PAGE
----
In Thursday’s letter, R. Stan Marsh misrepresented socialism. He claimed that socialists are “essentially advocates of centralized control over people’s lives under the guise of democracy”. Our right-wing President throws the term democracy around when it suits his purpose. Wasn’t the spread of democracy our reason for destroying Iraq?
Mr. Marsh is right that our Constitution doesn’t mention democracy. It also doesn’t mention a republic. Our government is a constitutional republic. Our “republic” is a representative democracy. The “constitutional” part refers to the fact that we are neither governed by the people, nor by the representatives of the people. We are governed by laws that must fit into the framework of our Constitution. Our Constitution provides safeguards against “centralized control over people’s lives.” Our conservative President commented on 18 April that, “…the Constitution does not stand in the way of the people’s representatives…” Our President puts the will of our legislators ahead of our Constitution, except when our legislators do not share his views.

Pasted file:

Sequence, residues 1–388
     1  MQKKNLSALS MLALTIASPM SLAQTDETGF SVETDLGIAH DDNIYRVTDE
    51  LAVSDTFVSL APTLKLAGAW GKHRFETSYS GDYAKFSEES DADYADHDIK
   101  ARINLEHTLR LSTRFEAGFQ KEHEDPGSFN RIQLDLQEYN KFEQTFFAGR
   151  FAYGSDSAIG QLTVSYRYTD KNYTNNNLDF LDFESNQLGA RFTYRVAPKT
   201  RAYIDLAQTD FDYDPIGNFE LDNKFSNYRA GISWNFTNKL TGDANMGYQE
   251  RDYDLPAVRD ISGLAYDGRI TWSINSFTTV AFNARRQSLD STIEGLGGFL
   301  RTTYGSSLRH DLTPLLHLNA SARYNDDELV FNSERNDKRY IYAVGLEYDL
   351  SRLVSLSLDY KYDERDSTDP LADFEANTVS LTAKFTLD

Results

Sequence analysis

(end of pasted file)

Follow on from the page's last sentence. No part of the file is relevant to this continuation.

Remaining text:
The real issue is that he calls our legislators “the people’s representatives”. Perhaps true at one time, corporate capitalism has usurped this founding democratic principle. Unlike our President, socialism does not seek to toss out the cornerstone of our constitutional republic, the Constitution. Socialism seeks to restore democracy to the legislative process by counteracting the imbalanced representation caused by gross disproportions in the distribution of capital. While socialism seeks to legislate fair business practices, right-wing legislation consistently protects big money and tramples individual rights.